Next All Blacks back row beginning to take shape 

Kieran Read’s retirement has left quite some gap to fill in the New Zealand back row, but judging by recent performances the All Blacks shouldn’t miss him too much…

You can maybe measure the quality of a squad by the calibre of player missing out – and the omission of Tom Christie and Tom Sanders is emblematic of this. The Crusaders pair were brilliant on Saturday, with Christie emulating Neil Back’s graft and Sanders’s ball-carrying notably similar to CJ Stander. Christie in particular looks as if he’ll snap at captain Sam Cane’s heels over the next World Cup cycle.

What makes the New Zealand loose forwards so hard to predict is Ardie Savea’s versatility – he is able to cover all three back-row spots. The most likely group would see Savea and Cane on the flanks, with the eight spot seemingly boiling down to a battle between Blues pair Hoskins Sotutu and Akira Ioane.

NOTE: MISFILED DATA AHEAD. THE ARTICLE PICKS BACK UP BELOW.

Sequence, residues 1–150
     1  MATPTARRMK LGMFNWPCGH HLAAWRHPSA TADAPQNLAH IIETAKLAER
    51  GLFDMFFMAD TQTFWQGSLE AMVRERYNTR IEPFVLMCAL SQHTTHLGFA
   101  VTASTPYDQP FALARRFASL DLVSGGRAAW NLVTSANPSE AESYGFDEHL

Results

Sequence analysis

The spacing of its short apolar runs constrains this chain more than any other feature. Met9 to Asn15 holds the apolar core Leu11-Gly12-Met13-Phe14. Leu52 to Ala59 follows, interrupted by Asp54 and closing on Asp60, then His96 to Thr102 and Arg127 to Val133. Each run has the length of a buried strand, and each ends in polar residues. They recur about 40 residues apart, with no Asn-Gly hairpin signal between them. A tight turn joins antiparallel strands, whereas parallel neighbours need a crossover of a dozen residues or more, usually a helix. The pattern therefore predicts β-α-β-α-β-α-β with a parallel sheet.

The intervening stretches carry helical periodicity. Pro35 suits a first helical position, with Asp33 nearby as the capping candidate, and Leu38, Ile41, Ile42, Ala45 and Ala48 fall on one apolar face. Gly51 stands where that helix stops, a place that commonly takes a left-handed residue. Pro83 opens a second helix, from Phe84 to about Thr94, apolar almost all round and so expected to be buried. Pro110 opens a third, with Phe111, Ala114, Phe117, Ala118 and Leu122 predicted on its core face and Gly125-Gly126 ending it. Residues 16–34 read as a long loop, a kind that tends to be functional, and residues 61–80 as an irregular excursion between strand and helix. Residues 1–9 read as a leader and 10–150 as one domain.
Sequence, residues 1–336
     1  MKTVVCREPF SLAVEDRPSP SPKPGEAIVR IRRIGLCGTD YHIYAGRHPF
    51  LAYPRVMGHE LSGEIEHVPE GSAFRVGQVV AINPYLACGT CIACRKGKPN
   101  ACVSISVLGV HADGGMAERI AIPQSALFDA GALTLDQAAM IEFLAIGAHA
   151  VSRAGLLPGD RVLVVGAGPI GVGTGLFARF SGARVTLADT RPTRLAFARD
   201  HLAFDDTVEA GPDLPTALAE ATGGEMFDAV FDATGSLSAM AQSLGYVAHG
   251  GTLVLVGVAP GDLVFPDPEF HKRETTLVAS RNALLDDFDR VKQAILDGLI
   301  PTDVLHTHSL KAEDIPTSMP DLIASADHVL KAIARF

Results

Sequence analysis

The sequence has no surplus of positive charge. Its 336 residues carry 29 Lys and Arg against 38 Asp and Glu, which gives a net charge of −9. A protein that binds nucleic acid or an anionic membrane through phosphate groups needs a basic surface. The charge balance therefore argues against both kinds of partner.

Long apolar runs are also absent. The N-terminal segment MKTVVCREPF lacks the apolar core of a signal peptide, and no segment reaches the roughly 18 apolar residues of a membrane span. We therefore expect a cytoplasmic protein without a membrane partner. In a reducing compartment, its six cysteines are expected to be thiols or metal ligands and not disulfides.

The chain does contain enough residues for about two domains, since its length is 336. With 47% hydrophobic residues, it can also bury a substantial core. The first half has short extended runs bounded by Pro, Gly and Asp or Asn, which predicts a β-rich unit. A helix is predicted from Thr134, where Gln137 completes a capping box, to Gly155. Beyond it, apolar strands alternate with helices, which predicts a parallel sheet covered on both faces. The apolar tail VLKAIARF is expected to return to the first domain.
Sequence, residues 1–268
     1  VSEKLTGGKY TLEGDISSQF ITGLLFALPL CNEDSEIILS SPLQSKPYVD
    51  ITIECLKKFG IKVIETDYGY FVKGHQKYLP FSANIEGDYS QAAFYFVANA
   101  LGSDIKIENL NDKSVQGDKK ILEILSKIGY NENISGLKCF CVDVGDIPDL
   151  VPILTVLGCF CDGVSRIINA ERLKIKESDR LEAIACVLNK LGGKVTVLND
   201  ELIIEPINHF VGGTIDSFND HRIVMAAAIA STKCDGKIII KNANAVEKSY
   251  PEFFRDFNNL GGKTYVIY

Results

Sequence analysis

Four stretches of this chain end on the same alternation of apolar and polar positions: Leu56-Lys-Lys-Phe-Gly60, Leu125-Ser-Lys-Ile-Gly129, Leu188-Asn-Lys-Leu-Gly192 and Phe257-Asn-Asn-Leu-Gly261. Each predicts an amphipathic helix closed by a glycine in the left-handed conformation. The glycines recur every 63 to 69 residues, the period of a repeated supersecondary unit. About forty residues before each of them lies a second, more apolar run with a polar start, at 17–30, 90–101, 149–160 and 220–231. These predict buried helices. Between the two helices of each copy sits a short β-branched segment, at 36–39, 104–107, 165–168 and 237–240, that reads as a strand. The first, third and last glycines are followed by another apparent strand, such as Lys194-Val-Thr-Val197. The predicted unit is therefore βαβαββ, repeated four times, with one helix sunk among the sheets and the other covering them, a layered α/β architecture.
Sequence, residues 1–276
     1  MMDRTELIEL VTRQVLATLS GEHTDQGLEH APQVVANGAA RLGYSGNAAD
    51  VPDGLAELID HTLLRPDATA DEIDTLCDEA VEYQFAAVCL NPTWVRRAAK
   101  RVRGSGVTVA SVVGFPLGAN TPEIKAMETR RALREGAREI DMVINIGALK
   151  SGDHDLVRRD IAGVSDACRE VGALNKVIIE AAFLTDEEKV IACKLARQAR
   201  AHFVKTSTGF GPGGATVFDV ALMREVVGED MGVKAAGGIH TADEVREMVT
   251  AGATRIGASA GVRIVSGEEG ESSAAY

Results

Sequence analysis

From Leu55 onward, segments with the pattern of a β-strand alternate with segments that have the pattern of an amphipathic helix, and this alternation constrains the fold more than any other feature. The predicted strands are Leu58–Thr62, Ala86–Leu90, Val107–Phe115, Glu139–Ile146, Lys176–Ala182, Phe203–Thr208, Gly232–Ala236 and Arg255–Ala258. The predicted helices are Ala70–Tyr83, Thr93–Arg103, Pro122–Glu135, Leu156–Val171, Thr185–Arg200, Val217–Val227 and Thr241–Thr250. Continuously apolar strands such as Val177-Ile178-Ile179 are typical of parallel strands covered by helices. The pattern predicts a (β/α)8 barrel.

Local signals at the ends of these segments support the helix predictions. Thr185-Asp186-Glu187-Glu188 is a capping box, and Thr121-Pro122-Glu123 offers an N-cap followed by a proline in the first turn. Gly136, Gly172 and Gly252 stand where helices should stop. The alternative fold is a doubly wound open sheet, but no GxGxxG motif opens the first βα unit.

Ioane’s redemptive tale after struggling with form is an inspiring one, but Sotutu looks to be the favourite right now. A breakout star of Super Rugby Aotearoa, his work-rate on Saturday was exceptional, while his offload for Smith’s score was the ‘wow’ moment of the game – until Jordan intervened.

Yet the All Blacks could yet field Savea at No 8 and pick the in-form but raw Shannon Frizell on the blindside, while Foster clearly rates surprise selection Cullen Grace, a 20-year old flanker who could force his way into the reckoning.

Rieko goes well at 13

Rieko Ioane sometimes gets a hard time in New Zealand and he’s been  told by numerous pundits that he’s not an international centre, but he laid quite the marker at the weekend.